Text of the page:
John R. Walter and Renee Haltom
In October 2008 the Federal Reserve began paying banks interest on the reserves they hold. This action was intended to remove the implicit, distortionary tax that reserve requirements impose on banks, as well as help the Fed maintain the fed funds rate at its target. Going forward, interest on reserves is likely to simplify monetary policy implementation, as well as allow the Fed to pursue separate monetary and credit policies.
Our Research Focus: Inflation and Monetary Policy
Bernanke, Ben S. "The Federal Reserve's Balance Sheet: An Update." Speech at the Federal Reserve Board Conference on Key Developments in Monetary Policy, Washington, D.C., October 8, 2009.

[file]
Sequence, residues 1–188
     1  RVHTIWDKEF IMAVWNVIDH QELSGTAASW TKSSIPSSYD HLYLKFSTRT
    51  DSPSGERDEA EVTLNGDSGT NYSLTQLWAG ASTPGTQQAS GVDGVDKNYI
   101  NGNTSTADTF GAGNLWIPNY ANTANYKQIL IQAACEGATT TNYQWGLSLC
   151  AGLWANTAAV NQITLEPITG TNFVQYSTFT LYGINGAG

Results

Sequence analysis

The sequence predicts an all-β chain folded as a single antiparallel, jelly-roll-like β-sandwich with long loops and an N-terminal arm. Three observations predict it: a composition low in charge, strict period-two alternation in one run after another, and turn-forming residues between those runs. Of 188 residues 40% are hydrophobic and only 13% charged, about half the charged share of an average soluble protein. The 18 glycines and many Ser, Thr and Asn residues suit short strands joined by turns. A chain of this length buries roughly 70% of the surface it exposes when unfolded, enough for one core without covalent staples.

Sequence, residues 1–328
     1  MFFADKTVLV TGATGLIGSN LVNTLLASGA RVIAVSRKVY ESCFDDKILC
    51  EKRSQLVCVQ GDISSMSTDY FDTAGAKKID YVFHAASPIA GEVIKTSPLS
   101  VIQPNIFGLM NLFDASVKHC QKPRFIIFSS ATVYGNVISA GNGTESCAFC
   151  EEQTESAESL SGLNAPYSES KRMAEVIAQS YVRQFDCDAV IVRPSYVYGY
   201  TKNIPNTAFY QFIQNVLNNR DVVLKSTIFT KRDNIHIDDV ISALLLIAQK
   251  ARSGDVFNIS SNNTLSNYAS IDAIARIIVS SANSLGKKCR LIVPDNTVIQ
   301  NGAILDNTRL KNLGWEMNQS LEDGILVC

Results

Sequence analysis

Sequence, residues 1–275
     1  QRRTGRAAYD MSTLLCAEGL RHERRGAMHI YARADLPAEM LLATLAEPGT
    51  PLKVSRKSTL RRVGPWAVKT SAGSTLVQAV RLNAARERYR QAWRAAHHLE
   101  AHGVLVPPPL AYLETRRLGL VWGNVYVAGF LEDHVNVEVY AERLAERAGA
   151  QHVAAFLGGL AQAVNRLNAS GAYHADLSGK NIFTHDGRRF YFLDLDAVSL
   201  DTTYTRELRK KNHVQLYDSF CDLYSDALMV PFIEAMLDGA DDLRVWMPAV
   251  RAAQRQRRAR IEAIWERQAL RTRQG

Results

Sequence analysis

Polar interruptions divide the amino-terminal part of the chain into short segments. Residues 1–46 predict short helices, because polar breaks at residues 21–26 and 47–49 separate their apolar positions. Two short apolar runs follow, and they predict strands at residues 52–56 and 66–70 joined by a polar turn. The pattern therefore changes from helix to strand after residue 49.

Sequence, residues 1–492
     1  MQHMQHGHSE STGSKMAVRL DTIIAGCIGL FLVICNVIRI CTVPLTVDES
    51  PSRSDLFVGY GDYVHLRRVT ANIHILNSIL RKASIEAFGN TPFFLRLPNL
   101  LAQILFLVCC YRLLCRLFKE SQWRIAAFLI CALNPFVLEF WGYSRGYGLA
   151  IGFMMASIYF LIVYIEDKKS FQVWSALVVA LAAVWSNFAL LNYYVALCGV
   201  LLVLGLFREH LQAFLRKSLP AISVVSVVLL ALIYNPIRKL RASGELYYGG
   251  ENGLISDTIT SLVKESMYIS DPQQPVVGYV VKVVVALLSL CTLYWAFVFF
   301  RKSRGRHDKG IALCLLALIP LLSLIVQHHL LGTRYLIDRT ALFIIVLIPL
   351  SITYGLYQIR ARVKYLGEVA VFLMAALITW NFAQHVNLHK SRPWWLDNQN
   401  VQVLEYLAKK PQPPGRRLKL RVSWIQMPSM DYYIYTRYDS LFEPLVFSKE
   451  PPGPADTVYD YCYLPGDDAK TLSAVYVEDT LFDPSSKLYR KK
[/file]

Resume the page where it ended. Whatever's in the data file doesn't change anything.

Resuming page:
Ennis, Huberto M., and Todd Keister. "Understanding Monetary Policy Implementation." Federal Reserve Bank of Richmond Economic Quarterly 94, no. 3 (Summer 2008): 235-263.
Ennis, Huberto and John A. Weinberg. "Interest on Reserves and Daylight Credit." Federal Reserve Bank of Richmond Economic Quarterly 93, no. 2 (Spring 2007): 111-142.
Goodfriend, Marvin. "Interest on Reserves and Monetary Policy." Federal Reserve Bank of New York Economic Policy Review 8, no. 1 (May 2002): 13-29.
Keister, Todd and James J. McAndrews. "Why Are Banks Holding So Many Excess Reserves?" Federal Reserve Bank of New York Staff Reports No. 380, July 2009.